Experienced investors try to avoid the "confirmation bias" trap by asking what supports the other side of the trade. Confirmation bias is our instinct to find data to support our position once it is taken. To counter this bias, we must attempt to build a plausible case against our position. If the effort is sincere, we gain a fuller understanding of the market we are playing (or perhaps avoiding). That the global economy is going to heck in a handbasket is self-evident. If you over-weight anecdotal "on the ground" evidence and fade the ginned-up official statistics, it is obvious the global slowdown is picking up speed in Europe and China, two of the world's largest "linchpin" economies.
Goodbye, living spirit.
Here in the U.S., I think that The Bernank’s plan was to pretend they didn’t need to print more money, get commodity prices down and then hope that the economy would respond favorably to that development. This wouldn’t have negated the need for more printing; however, it would have bought time and allowed for a potentially lesser degree of action. Instead, what has happened is that the global ponzi is completely and totally incapable of holding itself together without consistent and increasingly large infusions of Central Bank money. The debt burden is too large, the mal-investments too pervasive, the corruption too systemic. The whole house of cards that is the global economy will vanish into dust rather quickly without more and more printing. So what do you think they are going to do? If I am correct, and the U.S. economy itself is now in the early stages of what will probably turn into a serious economic slowdown, then it will not be easily stopped with incremental Central Bank policies. The fact that they have waited this long and the fact that the global economy is in the midst of a serious slowdown tells me one thing. They are way behind the curve and by the time they realize this it will be too late to stem the momentum. That said, I do expect them to respond and the fact that things will have gotten much worse than they expected will mean a major response. I’m not talking operation twist part deux. I mean a serious print. Potentially the BIG ONE.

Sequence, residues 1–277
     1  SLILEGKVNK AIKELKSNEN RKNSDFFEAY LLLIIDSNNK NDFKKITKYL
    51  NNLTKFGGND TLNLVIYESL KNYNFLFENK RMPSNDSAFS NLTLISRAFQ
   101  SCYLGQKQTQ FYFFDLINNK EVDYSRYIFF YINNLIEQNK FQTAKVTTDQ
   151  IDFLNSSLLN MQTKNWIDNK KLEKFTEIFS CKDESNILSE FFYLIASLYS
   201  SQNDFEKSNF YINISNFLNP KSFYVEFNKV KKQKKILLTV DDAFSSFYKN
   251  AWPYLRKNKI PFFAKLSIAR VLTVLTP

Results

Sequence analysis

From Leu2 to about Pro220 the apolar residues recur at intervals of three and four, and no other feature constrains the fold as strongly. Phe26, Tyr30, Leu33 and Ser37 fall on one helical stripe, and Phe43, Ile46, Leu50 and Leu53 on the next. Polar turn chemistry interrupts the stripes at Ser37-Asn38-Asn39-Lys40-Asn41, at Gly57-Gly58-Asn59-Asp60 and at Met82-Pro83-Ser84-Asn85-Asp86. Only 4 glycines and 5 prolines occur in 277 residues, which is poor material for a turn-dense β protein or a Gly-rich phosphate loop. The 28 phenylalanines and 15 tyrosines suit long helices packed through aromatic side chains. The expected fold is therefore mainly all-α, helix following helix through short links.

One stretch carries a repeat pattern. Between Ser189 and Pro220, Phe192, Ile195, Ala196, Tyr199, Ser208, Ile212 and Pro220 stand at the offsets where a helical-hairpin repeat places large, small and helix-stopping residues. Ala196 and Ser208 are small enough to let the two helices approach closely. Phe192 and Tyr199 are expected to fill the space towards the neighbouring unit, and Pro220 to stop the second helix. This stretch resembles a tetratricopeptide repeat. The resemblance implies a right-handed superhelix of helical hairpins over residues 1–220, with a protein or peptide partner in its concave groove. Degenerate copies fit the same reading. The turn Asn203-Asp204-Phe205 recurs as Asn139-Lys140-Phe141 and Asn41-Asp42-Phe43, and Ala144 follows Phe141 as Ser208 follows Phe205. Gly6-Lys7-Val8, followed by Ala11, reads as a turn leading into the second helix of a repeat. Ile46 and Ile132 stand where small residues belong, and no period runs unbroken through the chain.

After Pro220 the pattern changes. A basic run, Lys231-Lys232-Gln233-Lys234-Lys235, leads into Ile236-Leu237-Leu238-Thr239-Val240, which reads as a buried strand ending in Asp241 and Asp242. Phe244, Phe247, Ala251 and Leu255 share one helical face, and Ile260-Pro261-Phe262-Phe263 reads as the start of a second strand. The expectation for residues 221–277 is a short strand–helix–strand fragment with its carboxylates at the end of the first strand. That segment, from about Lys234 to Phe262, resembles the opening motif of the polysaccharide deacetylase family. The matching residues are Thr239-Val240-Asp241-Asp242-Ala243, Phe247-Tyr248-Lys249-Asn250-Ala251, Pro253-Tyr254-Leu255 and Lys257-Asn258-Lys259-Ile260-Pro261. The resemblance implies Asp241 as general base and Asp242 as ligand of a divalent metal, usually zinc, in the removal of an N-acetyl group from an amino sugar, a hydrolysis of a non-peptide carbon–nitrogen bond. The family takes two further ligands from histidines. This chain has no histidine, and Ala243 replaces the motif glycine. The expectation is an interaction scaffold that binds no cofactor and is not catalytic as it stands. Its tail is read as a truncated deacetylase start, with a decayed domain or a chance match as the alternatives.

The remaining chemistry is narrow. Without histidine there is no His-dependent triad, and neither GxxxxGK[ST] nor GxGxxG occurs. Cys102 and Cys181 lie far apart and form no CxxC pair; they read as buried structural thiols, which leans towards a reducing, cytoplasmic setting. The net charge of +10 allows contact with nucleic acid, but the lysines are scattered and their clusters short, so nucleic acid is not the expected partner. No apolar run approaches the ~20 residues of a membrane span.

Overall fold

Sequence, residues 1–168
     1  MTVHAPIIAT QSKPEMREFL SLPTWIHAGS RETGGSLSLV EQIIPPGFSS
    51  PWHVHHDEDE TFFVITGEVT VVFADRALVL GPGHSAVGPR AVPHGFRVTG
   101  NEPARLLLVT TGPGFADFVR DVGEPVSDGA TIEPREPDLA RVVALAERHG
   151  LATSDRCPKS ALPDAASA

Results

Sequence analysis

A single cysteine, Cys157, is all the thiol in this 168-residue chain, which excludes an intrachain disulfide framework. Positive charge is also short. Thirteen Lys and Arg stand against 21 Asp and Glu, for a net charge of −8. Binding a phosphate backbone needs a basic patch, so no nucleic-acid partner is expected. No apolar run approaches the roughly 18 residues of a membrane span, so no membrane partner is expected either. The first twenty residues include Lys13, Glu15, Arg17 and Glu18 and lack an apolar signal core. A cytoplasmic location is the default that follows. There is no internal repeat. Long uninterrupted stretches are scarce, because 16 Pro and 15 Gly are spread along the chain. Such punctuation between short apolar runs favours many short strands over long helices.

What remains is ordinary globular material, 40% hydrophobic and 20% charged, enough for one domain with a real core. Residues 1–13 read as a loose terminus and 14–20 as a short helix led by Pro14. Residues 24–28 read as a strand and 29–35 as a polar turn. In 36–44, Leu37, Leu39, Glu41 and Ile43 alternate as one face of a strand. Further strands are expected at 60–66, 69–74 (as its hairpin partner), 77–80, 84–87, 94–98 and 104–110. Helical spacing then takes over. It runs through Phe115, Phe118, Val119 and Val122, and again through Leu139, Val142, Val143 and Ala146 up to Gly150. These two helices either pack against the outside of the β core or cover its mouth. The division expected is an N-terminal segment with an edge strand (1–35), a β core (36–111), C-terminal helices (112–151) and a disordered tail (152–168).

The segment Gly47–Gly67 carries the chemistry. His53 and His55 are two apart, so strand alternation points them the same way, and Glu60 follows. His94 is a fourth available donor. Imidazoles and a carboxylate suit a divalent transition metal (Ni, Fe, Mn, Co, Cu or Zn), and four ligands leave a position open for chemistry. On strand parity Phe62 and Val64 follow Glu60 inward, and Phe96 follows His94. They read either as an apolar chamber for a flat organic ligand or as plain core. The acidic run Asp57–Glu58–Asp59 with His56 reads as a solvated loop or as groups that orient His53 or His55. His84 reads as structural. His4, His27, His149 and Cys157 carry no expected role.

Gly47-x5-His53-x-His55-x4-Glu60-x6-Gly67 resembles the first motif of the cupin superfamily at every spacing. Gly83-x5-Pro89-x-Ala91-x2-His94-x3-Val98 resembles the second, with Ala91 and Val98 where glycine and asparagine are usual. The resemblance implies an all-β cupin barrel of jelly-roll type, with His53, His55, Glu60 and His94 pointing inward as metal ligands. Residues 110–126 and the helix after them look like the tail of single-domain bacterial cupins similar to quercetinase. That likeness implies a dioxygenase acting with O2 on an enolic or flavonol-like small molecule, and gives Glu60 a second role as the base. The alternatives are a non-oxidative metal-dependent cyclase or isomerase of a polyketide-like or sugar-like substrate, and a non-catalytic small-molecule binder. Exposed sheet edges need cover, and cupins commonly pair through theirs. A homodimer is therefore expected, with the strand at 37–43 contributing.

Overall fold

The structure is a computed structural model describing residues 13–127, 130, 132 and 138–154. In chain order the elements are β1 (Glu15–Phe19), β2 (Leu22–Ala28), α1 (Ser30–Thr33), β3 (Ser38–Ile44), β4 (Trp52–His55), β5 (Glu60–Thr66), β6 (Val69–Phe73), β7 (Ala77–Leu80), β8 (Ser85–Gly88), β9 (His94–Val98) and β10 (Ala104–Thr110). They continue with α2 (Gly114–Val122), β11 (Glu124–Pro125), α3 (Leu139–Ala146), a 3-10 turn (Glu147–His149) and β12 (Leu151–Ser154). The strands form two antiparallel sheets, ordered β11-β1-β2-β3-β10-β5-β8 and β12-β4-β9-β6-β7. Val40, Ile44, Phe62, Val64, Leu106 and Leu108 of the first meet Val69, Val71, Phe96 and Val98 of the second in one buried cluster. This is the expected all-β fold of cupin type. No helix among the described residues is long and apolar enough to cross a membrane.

- China Pledges More ‘Fine-Tuning’ in Support for Growth (Bloomberg)... more promises, just never any actual funding
- Spain Calls for Help to Lower Borrowing Rates (AP)
- China Is a Black Box of Misinformation (Bloomberg)
- Fed data expose US$100bn JP Morgan blunder (IFRE)
- EU Chiefs Clash on Bonds Amid Call Greece Keep Cutting (Bloomberg)
- Spain to Recapitalize Bankia in Latest Bailout (WSJ)
- The running schizo tally: EU urges Greece to stay in euro, plans for possible exit (Reuters)
- The Seeds of the EU’s Crisis Were Sown 60 Years Ago (Bloomberg)
- Fed's Bullard says orderly Greek exit possible (Reuters)
- Some Big Firms Got Facebook Warning (WSJ)
- Chesapeake Raises Big Bet in Ohio (WSJ)
There’s been a lot of excitement in the past year over the rise of North American oil production and the promise of increased oil production across the whole of the Americas in the years to come. National security experts and other geo-political observers have waxed poetic at the thought of this emerging, hemispheric strength in energy supply. What’s less discussed, however, is the negligible effect this supply swing is having on lowering the price of oil, due to the fact that, combined with OPEC production, aggregate global production remains mostly flat. But there’s another component to this new belief in the changing global landscape for oil: the dawning awareness that OPEC’s power has finally gone into decline. You can read the celebration of OPEC’s waning in power in practically every publication from Foreign Policy to various political blogs and op-eds.